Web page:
Police reform advocates on Tuesday demanded the Los Angeles Police Department stop using a statewide database for identifying and tracking gang members, arguing it has undermined public safety and derailed the lives of innocent people.
The advocates told members of the Los Angeles Police Commission that they are not only concerned with the allegations of overt abuses of the CalGang database by officers, but with the system overall. Even when operating as intended, they said, the database too often places incorrect and life-altering labels on young men of color based on little more than their clothing, their tattoos and the neighborhoods they live in.
“We need to divest in suppression policing, and instead invest in youth development,” said Anthony Robles of the Youth Justice Coalition, who said he experienced police harassment growing up after being misidentified as a gang member.
Melanie Ochoa, a staff attorney with the American Civil Liberties Union of Southern California, said the database “cannot just be fixed with some tweaks and additional oversight,” because the problems are systemic and officers are misidentifying people routinely.
“All the evidence we have is that LAPD officers are actually very bad at this, and very often incorrect,” she said.
The comments came during the first of several meetings intended to collect public input on the matter after years of controversy and amid several reviews of the database’s use within the LAPD, including by the department, Atty. Gen. Xavier Becerra and the California Department of Justice.
The California Legislature gave oversight of CalGang to the attorney general in 2018 after an audit found it lacked proper state oversight and contained questionable records. Thousands of records were purged from the database as a result, but thousands more have been added since — many of them by LAPD officers.
Earlier this year, the department said as many as 20 officers from the LAPD’s Metropolitan Division were being investigated for falsifying interview cards from traffic stops and entering incorrect information into the database to make it seem as if they were doing a better job collecting intel.
Police officials have condemned abuses of the system but defended it as a valuable crime-fighting tool.
Police Commission President Eileen Decker said Tuesday that she and other commissioners had grave concerns about abuses of the system, and welcomed input from the advocates on what should be done to end those abuses and improve the program.
A few advocates said an immediate moratorium on adding any new names to the database should be adopted until the department can get a better grasp on how best to operate it appropriately. But most of the advocates said the database should be scrapped entirely.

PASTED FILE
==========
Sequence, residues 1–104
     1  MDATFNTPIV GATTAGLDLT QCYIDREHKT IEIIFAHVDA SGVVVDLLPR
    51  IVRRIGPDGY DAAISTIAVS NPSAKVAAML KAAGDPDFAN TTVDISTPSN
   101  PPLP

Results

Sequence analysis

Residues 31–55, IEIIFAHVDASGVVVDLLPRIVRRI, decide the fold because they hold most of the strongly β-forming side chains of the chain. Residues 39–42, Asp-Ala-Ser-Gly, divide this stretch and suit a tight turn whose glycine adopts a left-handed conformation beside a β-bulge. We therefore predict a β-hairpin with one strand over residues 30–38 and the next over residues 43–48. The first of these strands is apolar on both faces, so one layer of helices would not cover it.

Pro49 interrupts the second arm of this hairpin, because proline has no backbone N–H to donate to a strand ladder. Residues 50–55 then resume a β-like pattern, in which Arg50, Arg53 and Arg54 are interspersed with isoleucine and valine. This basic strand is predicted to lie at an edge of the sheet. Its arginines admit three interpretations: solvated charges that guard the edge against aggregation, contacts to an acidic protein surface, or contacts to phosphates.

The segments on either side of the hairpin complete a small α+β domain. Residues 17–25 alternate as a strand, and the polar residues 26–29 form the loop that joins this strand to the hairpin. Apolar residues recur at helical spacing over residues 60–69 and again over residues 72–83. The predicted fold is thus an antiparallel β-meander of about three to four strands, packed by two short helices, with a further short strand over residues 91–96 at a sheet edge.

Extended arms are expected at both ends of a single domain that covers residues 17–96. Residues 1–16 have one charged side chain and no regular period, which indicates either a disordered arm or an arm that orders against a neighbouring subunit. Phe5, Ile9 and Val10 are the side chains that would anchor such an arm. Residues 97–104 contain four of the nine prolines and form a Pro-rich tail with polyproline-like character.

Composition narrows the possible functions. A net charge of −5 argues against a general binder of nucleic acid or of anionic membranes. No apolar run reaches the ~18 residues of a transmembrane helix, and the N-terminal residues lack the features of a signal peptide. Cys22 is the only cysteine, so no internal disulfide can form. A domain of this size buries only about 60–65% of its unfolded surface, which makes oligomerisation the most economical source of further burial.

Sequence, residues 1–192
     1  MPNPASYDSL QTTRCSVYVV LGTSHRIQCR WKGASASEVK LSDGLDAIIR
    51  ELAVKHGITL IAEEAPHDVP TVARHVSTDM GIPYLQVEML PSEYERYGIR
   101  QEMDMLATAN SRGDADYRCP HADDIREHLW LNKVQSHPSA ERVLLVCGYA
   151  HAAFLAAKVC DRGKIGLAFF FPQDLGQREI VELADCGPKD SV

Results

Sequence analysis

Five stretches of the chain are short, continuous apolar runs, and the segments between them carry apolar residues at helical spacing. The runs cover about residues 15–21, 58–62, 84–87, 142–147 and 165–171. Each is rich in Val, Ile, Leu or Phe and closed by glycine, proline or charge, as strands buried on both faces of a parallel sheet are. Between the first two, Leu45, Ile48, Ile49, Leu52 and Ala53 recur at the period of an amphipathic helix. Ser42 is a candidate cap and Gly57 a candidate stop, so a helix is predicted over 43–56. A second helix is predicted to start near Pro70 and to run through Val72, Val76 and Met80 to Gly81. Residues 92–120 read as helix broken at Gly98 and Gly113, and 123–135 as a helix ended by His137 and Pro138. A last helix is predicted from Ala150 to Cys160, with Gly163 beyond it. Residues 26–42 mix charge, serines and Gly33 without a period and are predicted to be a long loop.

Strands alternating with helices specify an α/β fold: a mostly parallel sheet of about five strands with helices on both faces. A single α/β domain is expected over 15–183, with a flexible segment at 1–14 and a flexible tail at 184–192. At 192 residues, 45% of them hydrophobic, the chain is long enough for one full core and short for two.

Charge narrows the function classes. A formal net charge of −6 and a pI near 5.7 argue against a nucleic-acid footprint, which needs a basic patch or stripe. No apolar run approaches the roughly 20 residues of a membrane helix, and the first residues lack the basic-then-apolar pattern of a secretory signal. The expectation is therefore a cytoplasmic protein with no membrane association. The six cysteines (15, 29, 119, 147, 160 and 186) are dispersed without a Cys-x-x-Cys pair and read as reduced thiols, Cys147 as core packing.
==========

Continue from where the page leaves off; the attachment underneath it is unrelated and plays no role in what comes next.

Several shared personal stories about how it had negatively affected their lives.
Michael Saavedra, legal coordinator for the Youth Justice Coalition, said he was formerly incarcerated and haunted for years by his designation as a gang member. He was recently accepted to UC Berkeley but still feels the shadow of that designation.
“For folks like me who have done their time and are trying to change their life, this label, this stigma, stays with you forever,” he said.
Demetra Johnson, with PUSH L.A., said her son was put into the database when he was 17 years old despite never having come into contact with police except as a police cadet, and it took her two months of collecting letters from his teachers and counselors, and taking him to a police station to prove he didn’t have any gang-related tattoos, to get the police to remove his name.
“During those 60 days when he was on there, I was just terrified,” she said.
Ochoa, of the ACLU, said police try to downplay the importance of the gang database, even though they know that putting a person’s name into it, and thereby sharing the assertion that they are gang affiliated with an array of other law enforcement agencies across the country, can have devastating effects.
“That label alone can cost them their housing, their employment, their right to remain in the United States, their freedom and their life,” she said.
Several commissioners said they believe change is needed, but are evaluating the database one step at a time. They still have to hear back from the Police Department on its investigation into the alleged abuses, and look at the results from a separate audit of the program in all of the department’s divisions, before making any decisions on how to change it.
Commissioner Shane Murphy Goldsmith said the people who testified provided valuable insight into the detrimental effects of labeling people as threats, both for them and the broader community.
“There are people behind these labels,” she said, “and extraordinary people who are held back by these labels.”